I was having this interesting discussion at my day job recently. A few colleagues and I were talking about public perception.
The issue at hand was the connotation people associate with the word "foundation."
I think it conjures thoughts of a not-for-profit association that raises money; philanthropy, if you will. Others insisted that the word reflects a formal business association of virtually any type.
So, that got me to thinking about - well, what people think.
I mean, when you hear about a public opinion poll, are you generally of the same mind of the majority? Do you think the process is scientific and accurate and credible? And just who the heck is asking whom all this stuff, anyway?
When we conduct surveys, a.k.a. opinion polls, at my day job, we know we're getting a thumbnail slice of the entire populace we'd really like to be polling.
So, how do we know it's even remotely correct as a representation of what most folks really, truly think?
First of all, there's the unknown variable of the pollster entity. Are they picking people who truly represent different walks of life - and how is that even decided? Are they enticing desired answers by offering survey participants some type of reward for skewing the numbers in one direction or another?
Then there are the respondents. Are they being truthful? Do they really believe what they're saying is valid? And, is it valid just because they're saying it?
A little more hmm.
Let's consider a very serious topic, shall we?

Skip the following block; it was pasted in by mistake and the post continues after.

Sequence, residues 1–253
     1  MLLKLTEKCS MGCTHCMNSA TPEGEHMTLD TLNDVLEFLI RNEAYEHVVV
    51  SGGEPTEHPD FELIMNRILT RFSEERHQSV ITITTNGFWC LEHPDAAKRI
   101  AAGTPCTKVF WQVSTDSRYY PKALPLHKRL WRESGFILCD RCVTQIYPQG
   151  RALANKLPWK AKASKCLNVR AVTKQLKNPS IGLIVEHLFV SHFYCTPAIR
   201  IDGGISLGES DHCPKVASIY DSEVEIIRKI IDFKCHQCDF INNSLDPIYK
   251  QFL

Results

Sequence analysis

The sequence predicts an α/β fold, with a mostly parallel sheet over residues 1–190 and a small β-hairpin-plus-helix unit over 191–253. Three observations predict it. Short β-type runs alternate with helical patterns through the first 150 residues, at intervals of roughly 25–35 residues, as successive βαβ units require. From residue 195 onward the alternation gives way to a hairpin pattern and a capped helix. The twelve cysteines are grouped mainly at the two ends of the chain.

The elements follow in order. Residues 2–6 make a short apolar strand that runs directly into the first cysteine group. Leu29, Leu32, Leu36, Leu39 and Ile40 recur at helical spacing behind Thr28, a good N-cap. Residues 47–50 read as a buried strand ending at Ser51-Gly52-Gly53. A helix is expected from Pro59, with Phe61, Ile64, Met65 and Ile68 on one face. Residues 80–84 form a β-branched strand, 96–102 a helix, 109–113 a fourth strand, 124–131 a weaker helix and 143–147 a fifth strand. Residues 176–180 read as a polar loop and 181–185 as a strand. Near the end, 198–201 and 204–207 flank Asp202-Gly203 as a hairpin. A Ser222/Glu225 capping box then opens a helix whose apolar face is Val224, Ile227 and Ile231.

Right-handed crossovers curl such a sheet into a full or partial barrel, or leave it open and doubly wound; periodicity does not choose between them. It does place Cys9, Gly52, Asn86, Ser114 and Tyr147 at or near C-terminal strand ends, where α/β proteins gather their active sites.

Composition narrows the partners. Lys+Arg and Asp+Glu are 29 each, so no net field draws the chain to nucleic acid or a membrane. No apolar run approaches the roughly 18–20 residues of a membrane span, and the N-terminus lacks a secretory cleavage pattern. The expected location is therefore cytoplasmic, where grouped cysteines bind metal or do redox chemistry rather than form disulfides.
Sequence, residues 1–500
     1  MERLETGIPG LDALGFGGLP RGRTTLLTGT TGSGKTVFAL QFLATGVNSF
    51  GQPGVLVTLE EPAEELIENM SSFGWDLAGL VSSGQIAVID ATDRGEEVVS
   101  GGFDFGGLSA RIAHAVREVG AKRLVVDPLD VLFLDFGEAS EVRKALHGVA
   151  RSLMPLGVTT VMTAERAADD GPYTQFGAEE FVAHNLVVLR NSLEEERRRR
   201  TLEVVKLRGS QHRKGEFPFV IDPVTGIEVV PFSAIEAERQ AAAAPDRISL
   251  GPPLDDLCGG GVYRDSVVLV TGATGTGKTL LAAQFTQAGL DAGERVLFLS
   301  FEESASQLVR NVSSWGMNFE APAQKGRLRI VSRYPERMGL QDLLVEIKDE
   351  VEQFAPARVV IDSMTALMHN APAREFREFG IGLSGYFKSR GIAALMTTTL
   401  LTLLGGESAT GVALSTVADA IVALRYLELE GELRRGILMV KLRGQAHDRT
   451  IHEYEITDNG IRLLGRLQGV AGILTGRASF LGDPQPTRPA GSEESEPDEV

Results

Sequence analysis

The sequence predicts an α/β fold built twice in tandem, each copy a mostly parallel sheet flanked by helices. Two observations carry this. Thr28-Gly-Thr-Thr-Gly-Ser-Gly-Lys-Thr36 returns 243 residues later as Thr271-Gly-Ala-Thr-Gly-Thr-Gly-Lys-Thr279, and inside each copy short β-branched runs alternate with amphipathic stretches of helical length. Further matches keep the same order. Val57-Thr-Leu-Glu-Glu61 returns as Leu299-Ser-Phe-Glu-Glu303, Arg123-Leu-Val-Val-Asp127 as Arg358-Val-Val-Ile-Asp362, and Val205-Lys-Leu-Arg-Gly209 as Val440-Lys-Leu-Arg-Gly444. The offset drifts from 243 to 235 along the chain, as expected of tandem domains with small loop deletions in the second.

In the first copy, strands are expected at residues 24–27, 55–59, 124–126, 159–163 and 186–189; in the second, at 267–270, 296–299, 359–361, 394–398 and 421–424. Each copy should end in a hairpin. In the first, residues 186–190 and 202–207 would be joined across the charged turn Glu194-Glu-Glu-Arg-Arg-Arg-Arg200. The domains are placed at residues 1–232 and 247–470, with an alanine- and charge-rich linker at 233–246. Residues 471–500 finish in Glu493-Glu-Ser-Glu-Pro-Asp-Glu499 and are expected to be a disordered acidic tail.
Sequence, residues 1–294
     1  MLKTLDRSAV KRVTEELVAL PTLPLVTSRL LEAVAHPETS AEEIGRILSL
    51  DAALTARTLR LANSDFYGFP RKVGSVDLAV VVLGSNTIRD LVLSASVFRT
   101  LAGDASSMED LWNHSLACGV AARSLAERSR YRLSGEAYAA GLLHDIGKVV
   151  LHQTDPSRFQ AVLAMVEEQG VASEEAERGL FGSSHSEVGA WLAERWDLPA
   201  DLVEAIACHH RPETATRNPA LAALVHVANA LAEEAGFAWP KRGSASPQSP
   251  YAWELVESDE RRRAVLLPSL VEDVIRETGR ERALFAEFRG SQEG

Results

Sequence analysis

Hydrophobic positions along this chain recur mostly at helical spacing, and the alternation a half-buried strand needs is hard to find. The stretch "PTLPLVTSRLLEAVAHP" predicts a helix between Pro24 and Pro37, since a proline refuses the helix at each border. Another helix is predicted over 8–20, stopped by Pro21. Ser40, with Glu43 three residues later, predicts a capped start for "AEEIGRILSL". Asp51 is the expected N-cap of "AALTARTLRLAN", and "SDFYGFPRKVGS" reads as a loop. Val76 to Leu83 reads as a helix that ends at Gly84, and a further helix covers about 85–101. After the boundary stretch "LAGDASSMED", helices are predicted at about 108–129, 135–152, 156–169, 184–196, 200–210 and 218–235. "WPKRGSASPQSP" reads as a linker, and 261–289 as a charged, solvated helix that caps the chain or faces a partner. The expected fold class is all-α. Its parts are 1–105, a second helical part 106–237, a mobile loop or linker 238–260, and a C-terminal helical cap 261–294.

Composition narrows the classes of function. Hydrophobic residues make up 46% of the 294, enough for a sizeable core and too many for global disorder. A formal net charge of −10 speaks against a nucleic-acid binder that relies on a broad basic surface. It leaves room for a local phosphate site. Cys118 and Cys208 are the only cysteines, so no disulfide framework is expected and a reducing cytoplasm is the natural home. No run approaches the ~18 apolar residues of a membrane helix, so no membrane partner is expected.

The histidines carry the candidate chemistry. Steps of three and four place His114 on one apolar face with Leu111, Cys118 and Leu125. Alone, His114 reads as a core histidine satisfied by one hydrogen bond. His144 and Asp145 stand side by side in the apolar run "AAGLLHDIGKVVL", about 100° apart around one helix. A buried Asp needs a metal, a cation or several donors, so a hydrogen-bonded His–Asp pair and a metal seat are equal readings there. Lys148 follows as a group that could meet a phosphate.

No, not Obama's ranking or the Tea Party's popularity. I'm talking about something that keeps every American up at night: whether or not your favorite television show is going to make it to the next season.
Look, this is tantamount. I can't rest and relax over the summer if I think, for one instant, that I won't have another round of singers to unfairly scrutinize over at "American Idol" - or that I'm not going to find out if Meredith and McDreamy stay together on "Grey's Anatomy."
You see, I've never entirely trusted the whole Nielsen ratings system and their diary polls. For all I know, the Nielsens are still holding the whole McVet and Addison thing against Meredith and McDreamy and are steering respondents away from the show. OK, maybe that's not the case since none of these people are actually real and all.
But still. How do we know if what we're hearing about what we're thinking is what we're really feeling?
And so, as I'm prone to do, I did my own consensus census.
I asked some pals if they believe the statistics generated by independent polls. The results of my survey survey? One hundred percent undecided.
Bonnie Simmons, a Trumbull County native, said, "I think they're a bunch of malarkey." OK, she used another word to end that sentence but we're a family column here.
Beth Wharton of Hubbard was a tad more trusting. "Oh, I think they're probably reflective of the majority, as a rule. I don't think it's all propaganda; most of it probably at least has some basis in truth."
Meanwhile, Jolynne Copeland of Hubbard is a complete conspiracy theorist. "Crap. Total crap, all of 'em. I never trust any of those stupid polls, no matter whether they're generated from the right or the left. I mean, for all we know, all of the opinion polls ever conducted in the history of opinion polls are completely bogus."
Whoa, easy, Jo.
And so, the Patty Poll Poll shows, if nothing else, public opinions are just a whole lotta attitude - and mighty personal, if you ask me.
Not that anyone has ...
---- Kimerer is a Tribune Chronicle columnist. Contact her at firstname.lastname@example.org.